In some implementations, one or more service delivery configurations can be automatically generated based on a particular content type being routed through the network, the source and/or destination of the content, and other parameters, including specific fine-tunings of a delivery's configurations suited according to the particular content and/or other network parameters. Services delivery configurations are relevant for any type of content which is routed, and for which routings can be adjusted. Furthermore, specific content types and/or connections and/or specific protocols can be manually/automatically defined to be ignored/not accelerated. For example, search requests can be specified to not be accelerated by the AccAD network.

In some implementations, the AccAD network can suggest how to modify the AccAD network topology in order to achieve better overall performance. Performance can be measured by parameters such as, but not limited to, costs, free bandwidth, throughput, etc. For example, modification suggestions could be to add another SFE 160 in order to improve reachability to a particular server(s), or removing a CFE 150 which sees little use and is wasting available resources, money, etc. In some implementations, the AccAD application can provide functionality to suggest AccAD network modifications, including providing a user-accessible GUI to generate, remove, review, edit, propose, and/or select modifications to the AccAD network. Modification suggestions can help users save costs and/or improve the performance of network topologies by telling providing information as to where accelerator nodes can be added/removed in order to improve the performance/reduce costs.

If an AccAD acceleration through the AccAD network/virtual neighborhoods might harm/endanger data integrity, an administrator can also choose to decrease an acceleration amount and/or modify data quality preferences—such as the encryption of the data (on/off), caching data (on/off/limited), using a dictionary data structure, etc. For example, streaming video data at a particular high quality might be adversely affected if accelerated through a particular AccAD network path, although the cost may be lower. The administrator can reduce the required video quality to a level acceptable to users but not affected by the acceleration.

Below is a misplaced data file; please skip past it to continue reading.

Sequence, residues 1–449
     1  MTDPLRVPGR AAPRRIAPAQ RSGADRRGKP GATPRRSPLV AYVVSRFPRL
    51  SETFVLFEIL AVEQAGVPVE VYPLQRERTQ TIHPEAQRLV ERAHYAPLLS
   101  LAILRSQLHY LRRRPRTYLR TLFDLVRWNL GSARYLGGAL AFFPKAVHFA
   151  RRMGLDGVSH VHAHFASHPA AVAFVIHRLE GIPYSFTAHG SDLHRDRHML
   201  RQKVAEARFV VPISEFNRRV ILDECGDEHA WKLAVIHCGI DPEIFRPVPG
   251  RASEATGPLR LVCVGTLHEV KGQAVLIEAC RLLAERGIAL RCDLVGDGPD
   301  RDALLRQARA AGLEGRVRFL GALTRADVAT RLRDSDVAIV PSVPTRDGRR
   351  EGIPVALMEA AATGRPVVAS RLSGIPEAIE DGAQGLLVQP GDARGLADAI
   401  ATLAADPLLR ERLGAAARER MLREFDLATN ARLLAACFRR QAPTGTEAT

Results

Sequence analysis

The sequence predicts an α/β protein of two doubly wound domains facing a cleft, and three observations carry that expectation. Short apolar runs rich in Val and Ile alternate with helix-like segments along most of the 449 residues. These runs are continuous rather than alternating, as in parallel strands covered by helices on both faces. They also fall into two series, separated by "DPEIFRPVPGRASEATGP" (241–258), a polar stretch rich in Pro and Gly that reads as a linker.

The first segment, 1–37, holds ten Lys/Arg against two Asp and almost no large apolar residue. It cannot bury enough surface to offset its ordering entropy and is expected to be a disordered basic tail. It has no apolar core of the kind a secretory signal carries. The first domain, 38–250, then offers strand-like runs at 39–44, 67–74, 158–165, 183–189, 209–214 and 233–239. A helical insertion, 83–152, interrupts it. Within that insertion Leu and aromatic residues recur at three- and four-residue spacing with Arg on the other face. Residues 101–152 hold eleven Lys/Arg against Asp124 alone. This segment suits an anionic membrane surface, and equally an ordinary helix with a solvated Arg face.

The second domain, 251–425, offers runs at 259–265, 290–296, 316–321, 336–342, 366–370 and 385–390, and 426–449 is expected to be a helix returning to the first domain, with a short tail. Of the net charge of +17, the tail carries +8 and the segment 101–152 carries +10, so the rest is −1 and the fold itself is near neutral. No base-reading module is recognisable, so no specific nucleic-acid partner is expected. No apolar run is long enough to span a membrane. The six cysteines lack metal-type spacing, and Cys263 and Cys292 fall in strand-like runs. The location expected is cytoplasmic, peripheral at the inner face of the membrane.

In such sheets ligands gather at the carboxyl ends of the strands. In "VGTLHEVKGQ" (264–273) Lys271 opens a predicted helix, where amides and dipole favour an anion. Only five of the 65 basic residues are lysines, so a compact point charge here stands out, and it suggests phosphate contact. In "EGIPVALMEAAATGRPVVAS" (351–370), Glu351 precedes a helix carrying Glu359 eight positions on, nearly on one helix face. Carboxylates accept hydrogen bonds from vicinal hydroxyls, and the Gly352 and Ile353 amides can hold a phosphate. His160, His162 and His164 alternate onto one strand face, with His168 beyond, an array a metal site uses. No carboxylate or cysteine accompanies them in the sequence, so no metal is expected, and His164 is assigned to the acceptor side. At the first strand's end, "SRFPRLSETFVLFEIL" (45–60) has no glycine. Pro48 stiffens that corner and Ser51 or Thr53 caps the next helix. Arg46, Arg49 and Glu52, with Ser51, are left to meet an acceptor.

The best determined topology (according to cost/performance requirements) can also be calculated for comparison with other options and/or a real AccAD network configuration before any actual modifications are made in the network's topology (e.g., in a dynamic “sandbox”/simulation type of environment). Before any actual modifications are made in the AccAD network's topology, the dynamic simulation can leverage actual AccAD network parameters in current states (e.g., cost, bandwidth status, number of users, etc.). An administrator can vary parameters, including the MC threshold to dynamically build/change virtual neighborhoods to analyze effects on overall AccAD network performance and, if desired, change the topology of an AccAD network on-the-fly.

In some implementations, routes for traffic (including specific types of traffic) can be prioritized within the AccAD network. Prioritization can be based upon administrator requirements, dynamic determinations based on network status, AccAD network usage, and the like. Traffic routing can help save costs and/or improve the performance of network topologies in that for particular content types, a more limited set and/or particular set of necessary resources can be specified which can save usage costs and improve performance. For example, for low priority traffic, particular high-cost routes (slower) can be prioritized/specified for that type of traffic to save money (e.g., by not accelerating the route). As another example, data intensive traffic (video streaming), can be prioritized through network routes that are just sufficient performance-wise to meet demand without wasting additional cost for unnecessary performance.